Hyperbolas. Derivating the Standard Equation.

You might be like many students that get nervous if you have to prove or derivate an equation or a formula. This lesson takes you on a proving tour with foci, a point in the hyperbola, and the distance formula. You will see that doing what you learned in the beginning of coordinate geometry enables you with some manipulation of perfect squares binomials to obtain the standard formula for hyperbolas. You will learn how to translate them into the 4 quadrants of the coordinate plane. Optionally, you may try to work the proof for yourself after some guidelines have been given. You may use your paper or the screen before you run the example and using the MARKER TOOLS menu. The definitions given at the bottom of the page may help you to better understand the lesson if you study them before starting the lesson itself.

Most students report struggling with hyperbolas...thing of the past. After you complete this lesson you will be perfectly able to find all the above answers. Have a good hyperbolic luck!

Lesson's Content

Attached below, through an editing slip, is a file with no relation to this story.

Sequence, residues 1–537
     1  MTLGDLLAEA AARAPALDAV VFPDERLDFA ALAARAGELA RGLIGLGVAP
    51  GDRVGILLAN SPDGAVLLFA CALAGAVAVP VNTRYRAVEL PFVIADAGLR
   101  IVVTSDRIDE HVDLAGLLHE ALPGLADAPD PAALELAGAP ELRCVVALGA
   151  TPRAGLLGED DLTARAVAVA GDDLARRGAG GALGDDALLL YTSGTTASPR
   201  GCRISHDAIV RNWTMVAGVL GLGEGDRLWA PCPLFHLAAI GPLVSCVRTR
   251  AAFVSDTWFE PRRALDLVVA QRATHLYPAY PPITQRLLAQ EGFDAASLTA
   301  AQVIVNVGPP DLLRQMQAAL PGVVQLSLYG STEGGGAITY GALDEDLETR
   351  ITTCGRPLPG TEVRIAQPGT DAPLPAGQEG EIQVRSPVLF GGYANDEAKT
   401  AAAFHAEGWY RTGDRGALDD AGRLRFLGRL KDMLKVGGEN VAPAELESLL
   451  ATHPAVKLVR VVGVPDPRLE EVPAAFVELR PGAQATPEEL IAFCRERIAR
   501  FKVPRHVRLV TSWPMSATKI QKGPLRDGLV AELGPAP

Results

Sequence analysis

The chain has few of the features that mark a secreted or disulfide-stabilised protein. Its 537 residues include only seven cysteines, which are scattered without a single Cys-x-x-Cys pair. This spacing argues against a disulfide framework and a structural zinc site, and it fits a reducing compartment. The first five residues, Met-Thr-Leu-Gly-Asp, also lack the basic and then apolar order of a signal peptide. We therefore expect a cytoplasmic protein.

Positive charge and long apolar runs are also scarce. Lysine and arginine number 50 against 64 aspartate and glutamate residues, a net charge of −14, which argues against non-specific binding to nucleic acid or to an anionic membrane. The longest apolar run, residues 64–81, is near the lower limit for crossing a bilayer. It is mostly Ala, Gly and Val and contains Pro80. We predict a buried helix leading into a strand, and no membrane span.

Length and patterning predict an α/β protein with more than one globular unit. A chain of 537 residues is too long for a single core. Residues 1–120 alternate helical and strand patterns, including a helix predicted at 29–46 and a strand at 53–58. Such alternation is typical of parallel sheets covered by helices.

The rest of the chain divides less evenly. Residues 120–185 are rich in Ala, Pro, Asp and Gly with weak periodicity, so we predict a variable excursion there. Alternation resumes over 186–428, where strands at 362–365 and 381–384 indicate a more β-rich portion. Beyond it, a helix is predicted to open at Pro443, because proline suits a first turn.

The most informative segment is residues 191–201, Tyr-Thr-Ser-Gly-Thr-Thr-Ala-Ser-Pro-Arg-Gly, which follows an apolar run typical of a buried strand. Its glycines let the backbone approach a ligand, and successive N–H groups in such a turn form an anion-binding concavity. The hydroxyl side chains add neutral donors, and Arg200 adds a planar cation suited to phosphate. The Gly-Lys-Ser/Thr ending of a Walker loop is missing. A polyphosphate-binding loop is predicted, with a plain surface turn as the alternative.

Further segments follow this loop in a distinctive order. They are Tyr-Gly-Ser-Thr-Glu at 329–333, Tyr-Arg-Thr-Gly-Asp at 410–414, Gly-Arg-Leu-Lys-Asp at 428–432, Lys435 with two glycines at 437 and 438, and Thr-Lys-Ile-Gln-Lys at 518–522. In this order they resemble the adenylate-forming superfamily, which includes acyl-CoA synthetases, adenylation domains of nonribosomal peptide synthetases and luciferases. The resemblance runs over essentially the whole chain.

Lesson In PDF Format (no animations)

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Lesson's Glossary

Asymptote: If the graph of a function gets close to a line but never intersects with this then line is an asymptote.

Axis of Symmetry: A line on which a graph is reflected onto itself. 

Center of the hyperbola: The point where the transversal and conjugate perpendicular axis intersect.

Completing the Square: Method that finds the constant term in an incomplete perfect square trinomial of a second degree equation to solve it.

Conjugate axis: The axis perpendicular to the transverse axis.

Conic section: A figure that is obtained slicing a double cone with a plane. (parabola, circle, hyperbola, and ellipse) 

Factoring: The process to brake a polynomial down into the product of several factors.

Factors: All whole numbers that are multiplied together to yield another number.

Factored Form: Any polynomial that is written as the product of polynomials of lower degree that may be obtained from the original polynomial.

Focus of an ellipse: Each one of the points in the major axis of the ellipse, from which sum of the distance from each to the set of points in the ellipse is constant.

Foci: Plural for focus.

Transverse axis: A segment in the hyperbola goes from vertex to vertex of the two branches, and it is contained in the line that goes through the foci.

Vertices of a hyperbola: Are identified as the endpoints in the line segment that is the transverse axis of the hyperbola.

 

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